"While measuring a driver’s breath might lead to a suspicion that ingestion had been recent, it certainly does not provide relevant or useful information about impairment or lack of impairment," he says on his website.

So, if impairment truly can't be proven with breath or blood or any other bodily fluid for that matter, why is law enforcement expending so much energy trying to develop a device to do so?

Well, weirdly, research actually seems to be on their side with the whole breath thing. It's not perfect research with perfect results, but shit — it's enough for companies like Hound Labs to go off of.

Researchers recently published a study in Clinical Chemistry that suggests a breath test may actually be the best way for police to analyze a driver's impairment level because the tests are often only positive for THC immediately after participants got high. A.k.a, the tests show a higher THC concentrations closer to the point of weed ingestion, which could suggest that if a person's breath THC concentration falls into a specific range, they could have recently smoked, and are therefore more likely to be threat on the road.

Police in California recently replicated this same experiment with a little field test of their own using the cannabis breathalyzer: they randomly pulled over drivers as study participants, and found that two who admitted to smoking weed 30 minutes earlier tested positive on the breathalyzer. Other drivers who smoked pot within the previous two to three hours also tested positive. Police didn't arrest any of these people because, again, there's no way to tell if they're actually high, but it did prove that the breathalyzers were fairly accurate.

“We are looking for the least invasive way to obtain information that indicates impairment, which is why we are participating in roadside tests,” said Patrick Walsh, the Chief of Police Lompoc, California where the latter test was conducted. "We don't want to arrest people who are not impaired, and yet we don't want marijuana users driving if they are high from recent use."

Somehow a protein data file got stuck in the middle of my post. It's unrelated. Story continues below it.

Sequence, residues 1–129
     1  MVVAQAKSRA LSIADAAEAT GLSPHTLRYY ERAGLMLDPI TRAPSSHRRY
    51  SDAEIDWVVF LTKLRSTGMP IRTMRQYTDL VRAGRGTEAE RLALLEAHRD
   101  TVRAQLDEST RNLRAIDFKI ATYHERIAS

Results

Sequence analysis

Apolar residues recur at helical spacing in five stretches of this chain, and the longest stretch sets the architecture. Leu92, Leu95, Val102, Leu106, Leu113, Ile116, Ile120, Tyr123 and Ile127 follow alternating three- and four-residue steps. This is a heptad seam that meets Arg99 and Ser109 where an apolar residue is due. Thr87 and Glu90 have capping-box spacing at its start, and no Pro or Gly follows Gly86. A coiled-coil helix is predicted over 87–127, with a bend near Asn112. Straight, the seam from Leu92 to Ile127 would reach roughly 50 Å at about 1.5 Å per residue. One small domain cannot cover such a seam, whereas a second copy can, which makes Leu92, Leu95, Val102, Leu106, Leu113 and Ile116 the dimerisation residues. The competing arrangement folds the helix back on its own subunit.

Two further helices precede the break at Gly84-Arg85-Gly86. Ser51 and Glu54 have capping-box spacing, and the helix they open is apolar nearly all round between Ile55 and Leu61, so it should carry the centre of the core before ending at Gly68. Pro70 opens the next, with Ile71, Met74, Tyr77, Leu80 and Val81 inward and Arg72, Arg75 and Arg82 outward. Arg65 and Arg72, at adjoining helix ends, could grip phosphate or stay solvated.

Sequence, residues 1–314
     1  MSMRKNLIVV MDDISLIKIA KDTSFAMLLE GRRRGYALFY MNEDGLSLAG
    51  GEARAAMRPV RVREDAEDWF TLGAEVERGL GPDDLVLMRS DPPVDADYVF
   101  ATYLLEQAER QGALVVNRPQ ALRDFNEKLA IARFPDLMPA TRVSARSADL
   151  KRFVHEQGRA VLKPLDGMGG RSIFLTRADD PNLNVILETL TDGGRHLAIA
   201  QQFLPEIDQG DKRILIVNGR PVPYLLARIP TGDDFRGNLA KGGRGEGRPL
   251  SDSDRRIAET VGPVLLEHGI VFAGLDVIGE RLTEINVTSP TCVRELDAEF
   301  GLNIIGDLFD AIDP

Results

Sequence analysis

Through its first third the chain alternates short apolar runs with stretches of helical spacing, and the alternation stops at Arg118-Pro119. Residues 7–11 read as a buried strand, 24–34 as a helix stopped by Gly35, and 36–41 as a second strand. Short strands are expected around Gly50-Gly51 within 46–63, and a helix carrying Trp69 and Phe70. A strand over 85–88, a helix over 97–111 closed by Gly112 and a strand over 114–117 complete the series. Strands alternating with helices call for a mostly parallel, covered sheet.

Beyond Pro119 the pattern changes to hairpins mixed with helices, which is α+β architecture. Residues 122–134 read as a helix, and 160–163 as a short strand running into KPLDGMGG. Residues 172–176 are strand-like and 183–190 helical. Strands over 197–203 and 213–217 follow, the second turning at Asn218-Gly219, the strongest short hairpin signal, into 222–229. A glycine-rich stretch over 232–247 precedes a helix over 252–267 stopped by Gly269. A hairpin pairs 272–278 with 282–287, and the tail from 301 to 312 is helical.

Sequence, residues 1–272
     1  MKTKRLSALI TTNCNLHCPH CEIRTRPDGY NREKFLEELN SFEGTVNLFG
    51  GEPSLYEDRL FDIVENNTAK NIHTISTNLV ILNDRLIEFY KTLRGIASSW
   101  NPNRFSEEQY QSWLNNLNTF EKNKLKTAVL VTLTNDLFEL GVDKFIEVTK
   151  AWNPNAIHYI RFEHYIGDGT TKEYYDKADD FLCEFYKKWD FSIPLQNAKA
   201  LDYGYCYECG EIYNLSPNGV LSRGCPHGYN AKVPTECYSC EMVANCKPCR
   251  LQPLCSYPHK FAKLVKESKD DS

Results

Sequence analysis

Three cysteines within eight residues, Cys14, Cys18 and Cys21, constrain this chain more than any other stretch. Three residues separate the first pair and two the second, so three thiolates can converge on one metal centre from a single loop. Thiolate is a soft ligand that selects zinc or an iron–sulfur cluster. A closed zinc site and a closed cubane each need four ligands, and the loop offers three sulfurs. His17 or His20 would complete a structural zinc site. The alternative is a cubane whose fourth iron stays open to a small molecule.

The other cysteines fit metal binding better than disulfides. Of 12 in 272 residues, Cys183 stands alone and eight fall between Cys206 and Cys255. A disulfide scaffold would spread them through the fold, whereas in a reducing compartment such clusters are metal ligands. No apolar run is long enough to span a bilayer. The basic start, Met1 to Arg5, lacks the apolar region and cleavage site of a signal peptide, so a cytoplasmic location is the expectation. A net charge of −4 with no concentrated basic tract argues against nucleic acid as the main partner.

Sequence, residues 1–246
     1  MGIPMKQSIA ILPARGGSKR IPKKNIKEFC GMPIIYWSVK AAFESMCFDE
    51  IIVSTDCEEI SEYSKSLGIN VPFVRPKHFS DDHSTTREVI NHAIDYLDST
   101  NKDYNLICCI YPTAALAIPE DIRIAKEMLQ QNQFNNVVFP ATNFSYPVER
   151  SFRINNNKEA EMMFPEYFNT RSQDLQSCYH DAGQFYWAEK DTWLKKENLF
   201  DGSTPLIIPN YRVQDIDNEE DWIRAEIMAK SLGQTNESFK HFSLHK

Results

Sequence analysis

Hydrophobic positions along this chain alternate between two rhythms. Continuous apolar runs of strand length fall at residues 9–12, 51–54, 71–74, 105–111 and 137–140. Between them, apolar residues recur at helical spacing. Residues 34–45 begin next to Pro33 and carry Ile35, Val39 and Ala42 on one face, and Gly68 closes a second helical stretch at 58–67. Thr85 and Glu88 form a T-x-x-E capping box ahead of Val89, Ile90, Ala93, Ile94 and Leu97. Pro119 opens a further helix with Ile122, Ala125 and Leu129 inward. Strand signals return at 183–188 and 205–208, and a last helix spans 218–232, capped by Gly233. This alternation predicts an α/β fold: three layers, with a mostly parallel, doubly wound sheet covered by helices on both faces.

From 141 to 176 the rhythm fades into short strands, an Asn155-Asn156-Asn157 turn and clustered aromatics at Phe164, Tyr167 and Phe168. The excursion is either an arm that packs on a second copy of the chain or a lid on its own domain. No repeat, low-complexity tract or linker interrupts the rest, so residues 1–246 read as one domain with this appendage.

And if you're wondering if these results may be skewed by everyday smokers who consistently maintain high levels of bodily THC, you should. People who smoke the most often will be the most likely to be labeled as “impaired” during a roadside test, when in reality, they might not be high at all.

Lynn, for his part, told VICE that, in order to control for results like those, independent researchers will be involved. He said The University of California "will be conducting a rigorous clinical trial, using our device and comparing it to their own gold standard [testing equipment] "— with the intent being "for UCSF to publish this study."

In the meantime, Lynn and the rest of Hound Labs and family will be off gathering data. "We'll have data that other people can use — law enforcement groups and research groups." He thinks that soon, we will all finally know the approximate THC breath levels that mean people are too stoned to drive ... despite the fact that actual impairment is, again, currently unprovable.

If you ask us, what you're most likely to see happen with this kind of new technology is that it'll increasingly start to be used alongside the same beloved roadside acrobatics cops subject drunk drivers to. That is to say it might get used on you, just do your best in your stoned haze to remember it's probably inaccurate.

If you want, you can come over and practice your nose-touches and straight-line-walking with us later.